Alternatives to VSOs are cropping up. There’s Yale Veterans Legal Services Clinic in Connecticut. Now New Yorkers are stepping up.
“When a veteran is assisted by an attorney when applying for benefits or upgrading their military discharge the impact can be incredible,” said Tom Caruso, the co-founder of the Veterans Legal Clinic at Syracuse University. “Studies have shown that there is a 144 percent increase in compensation on VA claims and the veterans can have a VA decision in just a few weeks.” (LINK)
The need in the area is great. They write “With one of the country’s largest military bases, Ft. Drum, a reserve unit from every military branch in Onondaga County, and the Syracuse VA Medical Center directly next-door, Syracuse Law is uniquely positioned to establish New York State’s first comprehensive Veterans Legal Clinic.”
The Veterans Legal Clinic of Syracuse University College of Law is designed for those who can’t afford an attorney. Transportation to appointments are free too.
The Clinic will benefit our veterans and community by assisting with VA claims, representing clients in VA Claim appeals, and helping veterans in upgrading discharges.
The student attorneys work pro bono and earn college credits and professional experience.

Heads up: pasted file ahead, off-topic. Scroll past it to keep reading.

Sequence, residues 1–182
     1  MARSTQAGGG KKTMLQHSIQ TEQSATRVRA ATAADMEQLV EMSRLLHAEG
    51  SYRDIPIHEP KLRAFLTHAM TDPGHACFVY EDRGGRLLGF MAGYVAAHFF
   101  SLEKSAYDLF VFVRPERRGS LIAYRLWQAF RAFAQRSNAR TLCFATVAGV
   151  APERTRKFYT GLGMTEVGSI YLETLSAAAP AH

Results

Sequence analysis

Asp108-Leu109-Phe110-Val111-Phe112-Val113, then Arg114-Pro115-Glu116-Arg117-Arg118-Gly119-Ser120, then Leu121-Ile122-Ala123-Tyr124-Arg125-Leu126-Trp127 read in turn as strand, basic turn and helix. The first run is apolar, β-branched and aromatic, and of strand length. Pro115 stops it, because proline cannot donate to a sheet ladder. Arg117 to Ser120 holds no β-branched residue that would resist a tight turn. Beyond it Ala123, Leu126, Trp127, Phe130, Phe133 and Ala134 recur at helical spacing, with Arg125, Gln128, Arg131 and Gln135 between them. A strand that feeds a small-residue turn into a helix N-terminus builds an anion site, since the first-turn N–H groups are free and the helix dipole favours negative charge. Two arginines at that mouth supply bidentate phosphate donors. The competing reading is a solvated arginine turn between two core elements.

Syracuse also offers practicing attorneys a free six-hour Clinical Legal Education (CLE) qualification in return for helping one veteran with a legal matter pro bono. CLE Topics covered include:
- VA benefits
- Discharge Upgrades
- Service Members Civil Relief Act (SCRA)
- Uniformd Service Employment and Reemployment Rights Act
- Veterans in the Criminal Justice System
College legal programs under the direction of qualified attorneys are good for veterans because it’s not clear if there are any educational qualifications for VSOs prior to taking VA qualifying VSO classes. The BVA has over 500 attorney’s (plus new hires) helping judges deal with claims.
The VA has published a fact sheet (2/15) with information about free legal help at VA facilities (LINK) that may be useful but there is little consistency in what services are offered nationwide.
A 2015 list of pro bono veterans’ legal services is here (LINK). I’m not aware of a way to assess their success rate since non-VSOs seem to be lumped into the “other” category by the BVA. If the various legal clinics were broken out as a class we could see how they are doing with their representation at the BVA.